Even after what he called “abundant rainfall, record snowpack, swollen rivers and maxed out reservoirs,” City of Turlock Director of Municipal Services Michael Cooke said that water conservation efforts remain as vital as ever since it might be years until the city begins to see positive impacts to the aquifer.
“Turlock obtains all of its water supply from groundwater,” said Cooke. “We still have a number of wells offline due to water quality concerns and the aquifer is still at record levels. Right now, the City’s water resources are not at pre-drought levels so water conservation will remain important this year.”
As detailed in the State Water Resources Control Board’s most recent report, the City of Turlock missed its 20 percent conservation standard with a 12.4 percent in water savings in January when compared to the same month in 2013. Last January, Turlock brought in a total water savings of 15.2 percent.
“While we fell a little short in January, Turlock’s residents and businesses have been doing an excellent job of conserving water over the past three years,” said Cooke. “Last year, our overall conservation was 23 percent. Furthermore, our preliminary numbers for February show a 27 percent reduction — this is excellent news.”
Cooke said that while it may seem “counterintuitive” that water use is up during a time when the region is experiencing record rainfall, the data in the State Water Board’s report reflects water usage inside homes and businesses — not landscape water use — as many residents have turned off their yard sprinklers. He also noted that January’s numbers show an increase in water use by industries, which he regarded as a “hopeful sign of economic growth in the industrial sector.”
“When we drilled into January’s numbers, we found that water use by our industries was up 10 percent over last year,” said Cooke. “This appears to be a sign of increased production at food processing facilities.”
On Tuesday, the State Water Board announced that urban Californians’ monthly water conservation came in at 20.5 percent in January, which is an increase from the 17.2 percent savings last year when state-mandated conservation targets were in place. The monthly savings, which equate to roughly 74,249 acre-feet or 24.2 billion gallons, were a slight decrease from December 2016’s 20.6 percent savings.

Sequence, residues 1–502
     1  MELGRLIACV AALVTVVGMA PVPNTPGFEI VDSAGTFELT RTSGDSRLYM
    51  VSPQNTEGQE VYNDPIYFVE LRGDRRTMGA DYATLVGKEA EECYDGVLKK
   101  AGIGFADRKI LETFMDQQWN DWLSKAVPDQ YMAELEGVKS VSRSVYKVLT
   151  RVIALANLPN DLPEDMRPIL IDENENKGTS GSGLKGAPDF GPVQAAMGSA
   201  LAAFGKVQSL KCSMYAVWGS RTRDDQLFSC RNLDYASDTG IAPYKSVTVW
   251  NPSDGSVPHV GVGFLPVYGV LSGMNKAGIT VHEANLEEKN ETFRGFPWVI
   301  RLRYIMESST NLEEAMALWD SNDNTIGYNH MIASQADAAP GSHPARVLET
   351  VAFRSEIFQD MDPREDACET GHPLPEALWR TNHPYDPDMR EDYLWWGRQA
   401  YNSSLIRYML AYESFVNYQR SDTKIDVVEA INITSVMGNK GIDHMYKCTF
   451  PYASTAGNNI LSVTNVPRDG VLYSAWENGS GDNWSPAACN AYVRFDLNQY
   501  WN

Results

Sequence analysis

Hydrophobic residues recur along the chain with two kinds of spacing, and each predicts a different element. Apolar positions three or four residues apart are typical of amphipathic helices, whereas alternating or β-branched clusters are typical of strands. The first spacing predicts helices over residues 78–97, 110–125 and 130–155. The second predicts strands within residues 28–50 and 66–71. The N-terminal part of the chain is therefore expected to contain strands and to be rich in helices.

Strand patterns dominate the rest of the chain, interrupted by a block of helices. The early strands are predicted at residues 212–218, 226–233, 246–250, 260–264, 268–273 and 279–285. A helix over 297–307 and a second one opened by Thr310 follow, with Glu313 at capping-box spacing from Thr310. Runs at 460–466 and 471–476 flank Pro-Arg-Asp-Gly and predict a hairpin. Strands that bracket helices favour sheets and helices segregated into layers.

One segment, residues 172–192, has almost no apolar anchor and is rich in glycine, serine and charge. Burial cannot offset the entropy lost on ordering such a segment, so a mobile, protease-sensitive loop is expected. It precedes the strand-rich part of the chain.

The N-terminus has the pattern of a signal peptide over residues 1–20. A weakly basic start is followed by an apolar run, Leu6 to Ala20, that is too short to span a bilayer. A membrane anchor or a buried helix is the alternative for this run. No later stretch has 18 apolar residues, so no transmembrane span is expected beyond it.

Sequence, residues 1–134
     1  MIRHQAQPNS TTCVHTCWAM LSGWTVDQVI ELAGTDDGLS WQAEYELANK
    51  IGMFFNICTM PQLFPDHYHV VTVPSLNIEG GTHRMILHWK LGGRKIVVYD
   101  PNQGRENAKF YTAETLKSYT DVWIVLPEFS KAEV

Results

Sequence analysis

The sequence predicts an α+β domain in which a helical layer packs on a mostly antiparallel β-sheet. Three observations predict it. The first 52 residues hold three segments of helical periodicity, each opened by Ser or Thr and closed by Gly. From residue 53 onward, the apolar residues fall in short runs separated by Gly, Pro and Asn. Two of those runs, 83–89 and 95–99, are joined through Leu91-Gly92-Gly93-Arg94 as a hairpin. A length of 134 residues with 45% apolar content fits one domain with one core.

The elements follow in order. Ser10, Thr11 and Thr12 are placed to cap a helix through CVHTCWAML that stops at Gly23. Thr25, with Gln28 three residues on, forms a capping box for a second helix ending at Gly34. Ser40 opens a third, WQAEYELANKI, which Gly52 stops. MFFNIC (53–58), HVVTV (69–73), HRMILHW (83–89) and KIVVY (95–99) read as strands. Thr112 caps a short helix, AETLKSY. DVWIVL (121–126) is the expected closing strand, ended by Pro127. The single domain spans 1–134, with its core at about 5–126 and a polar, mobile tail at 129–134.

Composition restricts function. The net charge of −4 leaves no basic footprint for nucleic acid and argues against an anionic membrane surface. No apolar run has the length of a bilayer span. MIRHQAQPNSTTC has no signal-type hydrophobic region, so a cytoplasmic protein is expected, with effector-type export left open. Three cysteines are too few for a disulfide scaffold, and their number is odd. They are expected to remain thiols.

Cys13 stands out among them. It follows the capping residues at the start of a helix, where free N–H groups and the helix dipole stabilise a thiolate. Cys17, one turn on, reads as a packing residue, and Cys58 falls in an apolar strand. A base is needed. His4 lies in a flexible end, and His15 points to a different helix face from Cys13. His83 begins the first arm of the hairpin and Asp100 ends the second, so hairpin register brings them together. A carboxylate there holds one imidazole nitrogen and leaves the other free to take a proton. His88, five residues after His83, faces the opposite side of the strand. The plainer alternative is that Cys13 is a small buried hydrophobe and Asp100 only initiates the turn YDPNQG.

The cumulative statewide savings from June 2015 through January remain at 22.5 percent when compared to the same months in 2013. Since June 2015, 2.51 million acre-feet, or 818 billion gallons, of water has been saved, which is enough water to supply more than 12.5 million people — nearly a third of the state’s population — for a year.
After five years of extreme drought, this winter has generated record precipitation and caused flooding in multiple locations throughout the state. This swing from extremely dry to extremely wet conditions is becoming increasingly frequent due to climate change, according to the State Water Board, which adopted a resolution Tuesday to address climate change impacts, including enhanced protection of vulnerable communities and infrastructure from droughts, floods and sea level rise.
“Californians continue to conserve despite the wet weather in many areas,” said State Water Board Chair Felicia Marcus. “This ongoing effort is important rain or shine for all sorts of reasons, in light of the greater extremes we can expect with climate change and increasingly weird weather. We’re going to need to use all our tools including conservation and efficiency, water recycling, storm water capture, and storing water above and below ground in wet times to get us through the dry times to deal with the Mack truck of climate change that has already arrived.
“Californians understand that ongoing water conservation benefits everyone, and we are grateful that people have not forgotten five years of devastating drought now that our reservoirs are overflowing,” continued Marcus.
In February, the State Water Board extended its existing water conservation regulations, which prohibit wasteful practices, such as watering lawns right after rain, and set a conservation mandate only for urban water suppliers that could not demonstrate they have enough water reserves to withstand an additional three dry years. The Board plans to revisit the conservation regulation in May.